Small businesses are the backbone of our economy, employing well over 90% of California’s workers. As a small business owner, my experience coping with overbearing bureaucracy and unnecessary regulations were some of the main reasons I first ran for public office.
Millions of Californians live in Health Professional Shortage Areas (HPSAs), many located in rural parts of the state, like in my district. Improving access to healthcare for those living in underserved areas has been a major focus for me in Sacramento.
One of my passions in public service is encouraging young women to fulfill their life’s potential by taking full advantage of available educational opportunities. As a member of the Legislative Women’s Caucus, I am happy to spread the word about the Minerva Scholarship program. Now in its fourth year, the scholarship was established by the Women in California Leadership Foundation to educate, support and empower young women and girls.
California has long been recognized for its unfriendly business climate. During the pandemic, a bad situation got worse when the state forced thousands of mostly small businesses to shut down, driving many companies into bankruptcy and forcing layoffs for thousands of workers. The last thing we need now are more laws imposing greater burdens on the businesses that survived, and in many cases are still trying to recover.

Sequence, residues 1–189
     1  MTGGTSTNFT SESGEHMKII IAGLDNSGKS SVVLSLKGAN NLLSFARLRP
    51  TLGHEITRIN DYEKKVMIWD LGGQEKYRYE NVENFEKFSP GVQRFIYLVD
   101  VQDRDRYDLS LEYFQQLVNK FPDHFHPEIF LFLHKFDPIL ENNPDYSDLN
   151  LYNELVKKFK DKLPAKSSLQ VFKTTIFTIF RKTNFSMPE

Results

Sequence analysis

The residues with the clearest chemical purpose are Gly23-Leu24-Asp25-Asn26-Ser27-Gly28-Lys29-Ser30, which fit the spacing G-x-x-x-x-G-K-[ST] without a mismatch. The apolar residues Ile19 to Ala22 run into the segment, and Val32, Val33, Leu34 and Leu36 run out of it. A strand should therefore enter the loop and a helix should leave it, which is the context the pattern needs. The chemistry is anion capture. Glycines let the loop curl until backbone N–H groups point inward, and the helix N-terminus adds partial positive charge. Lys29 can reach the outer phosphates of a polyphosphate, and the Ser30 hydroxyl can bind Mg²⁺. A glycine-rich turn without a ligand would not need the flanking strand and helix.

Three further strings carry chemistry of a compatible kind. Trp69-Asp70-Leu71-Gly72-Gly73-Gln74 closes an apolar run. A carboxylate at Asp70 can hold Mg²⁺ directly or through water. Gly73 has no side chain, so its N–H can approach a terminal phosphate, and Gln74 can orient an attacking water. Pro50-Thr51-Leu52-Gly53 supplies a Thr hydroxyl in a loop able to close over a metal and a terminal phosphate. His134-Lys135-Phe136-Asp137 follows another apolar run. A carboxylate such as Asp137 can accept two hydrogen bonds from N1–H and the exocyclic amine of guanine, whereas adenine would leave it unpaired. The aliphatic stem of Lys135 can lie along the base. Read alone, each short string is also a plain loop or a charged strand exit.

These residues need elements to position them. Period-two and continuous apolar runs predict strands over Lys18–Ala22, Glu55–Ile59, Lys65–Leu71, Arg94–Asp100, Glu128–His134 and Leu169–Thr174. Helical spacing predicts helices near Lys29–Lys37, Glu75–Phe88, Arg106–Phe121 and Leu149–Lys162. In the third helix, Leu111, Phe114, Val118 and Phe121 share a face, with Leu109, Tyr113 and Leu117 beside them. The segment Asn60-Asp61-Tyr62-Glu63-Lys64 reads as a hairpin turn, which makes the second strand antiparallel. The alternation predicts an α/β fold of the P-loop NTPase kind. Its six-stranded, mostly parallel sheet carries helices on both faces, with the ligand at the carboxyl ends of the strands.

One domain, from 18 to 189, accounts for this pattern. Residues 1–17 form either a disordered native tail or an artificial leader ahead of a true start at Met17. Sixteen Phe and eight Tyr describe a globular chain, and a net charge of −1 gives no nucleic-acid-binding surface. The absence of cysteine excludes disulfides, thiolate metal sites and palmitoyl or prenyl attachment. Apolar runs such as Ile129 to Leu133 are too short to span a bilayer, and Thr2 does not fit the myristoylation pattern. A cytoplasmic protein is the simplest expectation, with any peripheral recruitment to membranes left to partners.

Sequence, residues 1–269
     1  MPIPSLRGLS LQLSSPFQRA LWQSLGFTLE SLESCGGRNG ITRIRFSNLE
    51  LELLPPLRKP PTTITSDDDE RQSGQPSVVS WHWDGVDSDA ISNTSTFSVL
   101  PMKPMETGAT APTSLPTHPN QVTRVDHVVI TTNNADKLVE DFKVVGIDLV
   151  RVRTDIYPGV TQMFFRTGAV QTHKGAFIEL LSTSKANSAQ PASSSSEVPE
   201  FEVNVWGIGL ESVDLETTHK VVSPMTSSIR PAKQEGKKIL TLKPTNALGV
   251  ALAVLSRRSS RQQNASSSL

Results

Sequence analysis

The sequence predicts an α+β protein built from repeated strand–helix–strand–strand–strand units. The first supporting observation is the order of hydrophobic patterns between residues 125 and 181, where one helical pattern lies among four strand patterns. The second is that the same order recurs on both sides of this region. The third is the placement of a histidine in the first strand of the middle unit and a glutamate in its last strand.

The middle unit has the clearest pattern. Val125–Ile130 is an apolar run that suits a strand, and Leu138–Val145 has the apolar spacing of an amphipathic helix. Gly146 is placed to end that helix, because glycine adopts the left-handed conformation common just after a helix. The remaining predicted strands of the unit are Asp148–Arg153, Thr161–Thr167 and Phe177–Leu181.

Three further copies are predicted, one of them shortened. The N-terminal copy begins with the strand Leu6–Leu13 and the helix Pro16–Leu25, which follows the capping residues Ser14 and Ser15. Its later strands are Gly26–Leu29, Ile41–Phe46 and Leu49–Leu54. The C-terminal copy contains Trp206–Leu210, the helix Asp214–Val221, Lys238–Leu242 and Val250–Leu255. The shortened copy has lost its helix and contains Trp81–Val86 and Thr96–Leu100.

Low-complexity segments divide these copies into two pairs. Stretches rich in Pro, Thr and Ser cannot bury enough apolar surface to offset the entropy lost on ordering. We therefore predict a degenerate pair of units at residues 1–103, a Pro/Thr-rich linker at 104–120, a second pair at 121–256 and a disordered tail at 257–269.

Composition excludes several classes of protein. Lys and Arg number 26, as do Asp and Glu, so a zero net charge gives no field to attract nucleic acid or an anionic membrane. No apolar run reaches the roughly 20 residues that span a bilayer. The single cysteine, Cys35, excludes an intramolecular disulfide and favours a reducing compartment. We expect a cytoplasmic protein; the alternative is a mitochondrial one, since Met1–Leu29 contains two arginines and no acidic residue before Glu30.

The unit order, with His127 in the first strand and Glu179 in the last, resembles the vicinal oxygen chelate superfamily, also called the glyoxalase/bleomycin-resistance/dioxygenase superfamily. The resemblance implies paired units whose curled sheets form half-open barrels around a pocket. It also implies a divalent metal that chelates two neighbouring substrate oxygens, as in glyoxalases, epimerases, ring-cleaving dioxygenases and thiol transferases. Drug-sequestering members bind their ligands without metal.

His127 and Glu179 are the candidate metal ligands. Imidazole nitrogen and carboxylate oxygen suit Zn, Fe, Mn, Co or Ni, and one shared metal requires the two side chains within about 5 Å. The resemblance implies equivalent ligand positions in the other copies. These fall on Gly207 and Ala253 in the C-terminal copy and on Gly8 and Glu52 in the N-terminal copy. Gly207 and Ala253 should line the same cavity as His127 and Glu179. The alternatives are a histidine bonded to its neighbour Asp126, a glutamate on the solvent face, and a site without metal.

On March 28th,  the Native American Caucus held a hearing in Sacramento to discuss fentanyl’s impact on tribal communities and to raise awareness along with identifying solutions to the crisis.  As a member of the Caucus, I was extremely honored to take part in this eye-opening discussion.
Ensuring the well-being of our pets and wildlife is one of my big priorities in Sacramento. I am a trained Project Wildlife Native Songbird Rehabilitator, and my experience raising orphaned and injured songbirds and returning them to the wild has guided me in legislation I introduce and support. I’m happy to report that most of that legislation has been signed into law.
There are over 400,000 people living with Down syndrome in the United States. About 5,100 babies are born with Down syndrome each year, about one in every 772 births, making it the most commonly occurring chromosomal condition.
California is the country’s leading agricultural state, followed by Iowa, Nebraska, Texas and Kansas. This year, March 21st was declared AG Day in the State Capitol to help recognize the vital contributions of agriculture to the state’s economy.
California’s high-speed rail project keeps chugging along, despite cost overruns, construction delays, and forgotten promises.
Gas prices are rising again and some are predicting $7 gas by this summer. We can’t let that happen. The Governor has called a Special Joint Legislative Session to deal with the problem, but the proposals on the table would make matters worse.